A call for accountants to go paperless
Today, too many organizations haven’t grasped automation’s ability to significantly increase productivity and free up employees’ time to tackle more strategic and creative work. In fact, a recent report by Sage, a cloud-based provider of business management solutions, found that small and medium sized U.S. businesses still spend too much time on repetitive administrative tasks. Of the tasks analyzed in the report, accounting was the most costly, amounting to over 20 percent of total time spent on administrative tasks in a given year. Surprisingly, even with many organizations in the midst of a digital transformation, nearly 50 percent still lack a software solution.
Early on, my firm, Cherry Bekaert, recognized the need to embrace digital solutions and automation. Years of overflowing file cabinets, delays in the invoice approval process, and time wasted researching old invoices had become unacceptable and exhausting for employees.
So we decided to go paperless and get rid of those file cabinets once and for all. We tackled the expense reimbursement process first by going to an outside reporting program that allowed associates to input expenses, supervisors to approve the expense, and accounts payable to export the expenses into the billing and payables system. Once we realized how efficient this process was, we knew we had to push the firm to go 100 percent paperless. Here are the key findings from our experience:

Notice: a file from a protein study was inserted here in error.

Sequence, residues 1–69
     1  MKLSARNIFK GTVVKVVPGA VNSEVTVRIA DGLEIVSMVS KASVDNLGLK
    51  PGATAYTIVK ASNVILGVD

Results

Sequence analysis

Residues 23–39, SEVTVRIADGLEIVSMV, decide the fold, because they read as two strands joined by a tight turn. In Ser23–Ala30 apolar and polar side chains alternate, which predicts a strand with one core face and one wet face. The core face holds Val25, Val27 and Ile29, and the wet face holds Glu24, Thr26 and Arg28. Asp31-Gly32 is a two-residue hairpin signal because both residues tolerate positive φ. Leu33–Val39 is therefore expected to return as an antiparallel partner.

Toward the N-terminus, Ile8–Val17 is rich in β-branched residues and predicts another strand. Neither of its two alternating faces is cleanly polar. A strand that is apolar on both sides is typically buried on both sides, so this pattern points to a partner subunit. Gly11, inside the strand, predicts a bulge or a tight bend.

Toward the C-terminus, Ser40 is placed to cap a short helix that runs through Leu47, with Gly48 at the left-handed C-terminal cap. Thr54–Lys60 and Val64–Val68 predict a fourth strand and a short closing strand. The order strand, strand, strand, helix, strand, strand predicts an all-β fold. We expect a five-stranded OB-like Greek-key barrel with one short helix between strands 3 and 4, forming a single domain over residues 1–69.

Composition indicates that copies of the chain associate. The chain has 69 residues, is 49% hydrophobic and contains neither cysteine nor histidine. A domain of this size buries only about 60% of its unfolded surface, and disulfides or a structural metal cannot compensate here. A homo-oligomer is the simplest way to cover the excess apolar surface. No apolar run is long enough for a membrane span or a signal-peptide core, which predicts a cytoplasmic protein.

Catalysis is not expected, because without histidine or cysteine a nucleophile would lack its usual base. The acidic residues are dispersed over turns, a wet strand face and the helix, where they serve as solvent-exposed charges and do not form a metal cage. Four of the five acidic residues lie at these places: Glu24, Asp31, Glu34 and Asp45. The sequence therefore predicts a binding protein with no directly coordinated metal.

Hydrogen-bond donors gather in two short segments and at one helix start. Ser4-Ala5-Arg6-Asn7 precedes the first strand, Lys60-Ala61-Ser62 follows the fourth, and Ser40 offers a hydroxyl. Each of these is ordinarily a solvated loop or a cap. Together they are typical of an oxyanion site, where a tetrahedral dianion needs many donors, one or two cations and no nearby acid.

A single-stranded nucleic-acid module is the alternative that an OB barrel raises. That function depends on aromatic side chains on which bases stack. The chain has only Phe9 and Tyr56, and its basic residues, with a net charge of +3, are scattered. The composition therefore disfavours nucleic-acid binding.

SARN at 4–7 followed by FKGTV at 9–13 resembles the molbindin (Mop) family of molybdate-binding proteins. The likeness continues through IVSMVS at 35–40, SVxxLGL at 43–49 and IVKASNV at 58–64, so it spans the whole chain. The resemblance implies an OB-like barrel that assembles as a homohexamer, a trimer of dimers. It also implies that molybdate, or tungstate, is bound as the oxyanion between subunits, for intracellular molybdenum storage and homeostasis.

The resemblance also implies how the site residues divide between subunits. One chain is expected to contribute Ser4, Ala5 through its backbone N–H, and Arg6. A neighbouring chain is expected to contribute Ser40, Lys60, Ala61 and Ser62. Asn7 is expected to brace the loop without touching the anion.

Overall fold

Selecting a solution
Toward the end of 2015, Cherry Bekaert’s IT department approached paperless invoice processing as well, and began to vet potential solutions. We researched several products before narrowing the choice to three companies, and demonstrations were conducted for an internal committee comprised of IT and finance/accounting.
Beanworks was the final presenter and the one deemed most compatible for the firm from a cultural and technological perspective. The Beanworks representatives were well informed and seemed committed to providing a smooth implementation and responsive customer service. A key selling point for us was the ability to pre-code repeat invoices to substantially cut processing time. Additionally, Beanworks was compatible with Sage 500, Cherry Bekaert’s general ledger system.
This compatibility offered the flexibility to continue processing the payments in-house and still see all the information regarding payments in Sage 500 and Beanworks. Finally, Beanworks offered security features in terms of invoice access. Beanworks was asked to give a second demo for the CFO and provide a quote. In the meantime, several references were contacted, all of which provided positive feedback.
Implementing a new, firmwide model
Once Beanworks was selected, the real fun began. An internal team was set up to contact departments to determine an effective approval process and viewing rights. Beanworks helped set up the final structure and connection to Sage 500.